Reaching their peak between 1840 and 1939, the mines provided the industrial port cities of Cardiff and Newport and the British navy with coal from the early 19th until the Second World War, becoming at the time “one of the world’s most important coal mining regions.”
Because of the risks and accidents increasing in number and gravity, this industry came to an end in the 20th century, leaving the Rhondda Valley devoid of almost all its original beauty and natural resources.
In 1841, there were fewer than a thousand inhabitants in the Rhondda Borough, but with the discovery of coal, the population exploded and, by 1924, the valley counted nearly 170,000 residents. These financial immigrants mainly came from Wales, Scotland and, to a lesser extent, Ireland. Moreover, because the market in London was saturated, Italians settled in Rhondda Valley as well and opened their shops called “Bracchis”.
Regarding the living conditions, life in Rhondda was harsh and often short. There were lots of accidents in the collieries and many woman died while giving birth. Therefore, people had to marry again in order to take care of their families. Furthermore, the houses were rather primitive, without electricity and proper bathrooms.
Culture-wise, the Rhondda Valley’s inhabitants spoke Welsh until the 20th century, when English supplanted the traditional language. However, the area kept its strong culture and its typical interests, such as rugby and male choirs. Still performing nowadays, those choirs were born out of the Nonconformist Christian movement which was developed in the Baptist chapels.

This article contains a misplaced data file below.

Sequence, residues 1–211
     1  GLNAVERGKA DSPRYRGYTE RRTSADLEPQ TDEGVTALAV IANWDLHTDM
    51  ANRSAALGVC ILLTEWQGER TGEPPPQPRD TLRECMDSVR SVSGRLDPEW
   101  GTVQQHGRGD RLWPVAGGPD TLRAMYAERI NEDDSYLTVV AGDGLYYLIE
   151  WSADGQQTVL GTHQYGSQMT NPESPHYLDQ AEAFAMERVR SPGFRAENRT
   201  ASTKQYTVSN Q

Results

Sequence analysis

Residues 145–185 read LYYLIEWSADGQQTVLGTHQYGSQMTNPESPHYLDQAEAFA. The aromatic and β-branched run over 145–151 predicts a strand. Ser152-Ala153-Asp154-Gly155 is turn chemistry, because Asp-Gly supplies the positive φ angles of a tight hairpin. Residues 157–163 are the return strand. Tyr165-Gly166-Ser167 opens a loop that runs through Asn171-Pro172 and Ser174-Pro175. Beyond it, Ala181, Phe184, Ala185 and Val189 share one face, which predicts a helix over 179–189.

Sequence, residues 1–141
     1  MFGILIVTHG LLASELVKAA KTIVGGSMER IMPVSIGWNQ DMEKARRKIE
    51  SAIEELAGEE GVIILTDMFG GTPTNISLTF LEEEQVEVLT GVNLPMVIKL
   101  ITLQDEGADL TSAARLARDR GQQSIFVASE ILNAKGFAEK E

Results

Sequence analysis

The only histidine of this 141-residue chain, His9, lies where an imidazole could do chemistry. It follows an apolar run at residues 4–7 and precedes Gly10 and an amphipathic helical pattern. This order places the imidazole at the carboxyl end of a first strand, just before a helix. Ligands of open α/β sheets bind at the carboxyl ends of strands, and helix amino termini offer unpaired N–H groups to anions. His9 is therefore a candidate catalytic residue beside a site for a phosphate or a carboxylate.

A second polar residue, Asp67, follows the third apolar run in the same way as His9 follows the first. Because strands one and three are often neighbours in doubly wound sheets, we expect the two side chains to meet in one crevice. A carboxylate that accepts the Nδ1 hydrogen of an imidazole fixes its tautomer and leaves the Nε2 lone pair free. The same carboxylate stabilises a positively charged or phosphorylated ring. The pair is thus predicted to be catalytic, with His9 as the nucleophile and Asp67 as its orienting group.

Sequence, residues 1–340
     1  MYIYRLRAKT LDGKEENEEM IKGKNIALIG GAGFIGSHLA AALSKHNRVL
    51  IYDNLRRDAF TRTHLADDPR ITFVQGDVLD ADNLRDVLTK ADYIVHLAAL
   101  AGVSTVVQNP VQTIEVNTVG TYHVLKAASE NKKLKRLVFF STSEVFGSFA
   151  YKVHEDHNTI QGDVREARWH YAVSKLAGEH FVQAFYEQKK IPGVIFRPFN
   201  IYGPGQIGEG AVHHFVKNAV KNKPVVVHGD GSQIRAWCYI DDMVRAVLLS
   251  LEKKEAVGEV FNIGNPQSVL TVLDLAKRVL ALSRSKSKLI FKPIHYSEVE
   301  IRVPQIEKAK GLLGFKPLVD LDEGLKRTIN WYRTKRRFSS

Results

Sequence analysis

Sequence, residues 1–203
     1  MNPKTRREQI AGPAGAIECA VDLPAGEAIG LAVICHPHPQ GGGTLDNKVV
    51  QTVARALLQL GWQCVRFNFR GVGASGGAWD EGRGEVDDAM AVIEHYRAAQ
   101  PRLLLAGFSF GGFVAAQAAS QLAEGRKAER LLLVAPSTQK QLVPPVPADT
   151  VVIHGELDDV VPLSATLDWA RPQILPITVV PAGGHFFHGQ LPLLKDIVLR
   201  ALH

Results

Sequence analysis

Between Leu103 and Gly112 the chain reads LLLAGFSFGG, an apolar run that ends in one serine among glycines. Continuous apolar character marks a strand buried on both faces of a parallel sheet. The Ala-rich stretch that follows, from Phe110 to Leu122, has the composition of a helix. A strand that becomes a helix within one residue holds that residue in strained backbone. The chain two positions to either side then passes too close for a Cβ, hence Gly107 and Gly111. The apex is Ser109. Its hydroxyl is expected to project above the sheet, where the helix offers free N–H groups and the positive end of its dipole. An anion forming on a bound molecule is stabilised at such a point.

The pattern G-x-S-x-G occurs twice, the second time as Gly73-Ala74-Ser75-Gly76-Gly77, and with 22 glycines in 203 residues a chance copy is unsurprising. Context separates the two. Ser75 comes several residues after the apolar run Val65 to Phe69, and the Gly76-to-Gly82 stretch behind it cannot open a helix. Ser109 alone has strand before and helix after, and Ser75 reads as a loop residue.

Since July 1989, the Rhondda Heritage Park, located on the site of the former Lewis Merthyr Colliery, lets you dive into the industrial past of the valley through all sorts of activities.
At the entrance, the six-foot tall Miner’s Lamp Memorial pays tribute to those who died or suffered during the century of mining activity in the Rhondda.
In restored pithead buildings, the now 26-year-old ‘Black Gold – The Story of Coal’ exhibition will allow you to know a lot more about the miners’ life and working conditions, while the “Fan House” contributes preserving the cultural heritage of the valley and teaches you about the role of women in the community as well.
But if there is an activity that you absolutely cannot miss, it is the underground tour called “A Shift in Time” which leads you through the tunnels of the colliery. An unbelievably realistic experience in the mine workers’ shoes!
In conclusion we can consider the Rhondda Valley as an icon of anglophone culture thanks to its status as one of the most important mining regions during the Industrial Revolution, which had an impact on the Welsh culture and the demography of the area. Most importantly, we should not forget about the people who moved, worked and suffered there.
Damaris Jechil, Festina Mahmutaj, and Fiona Poncin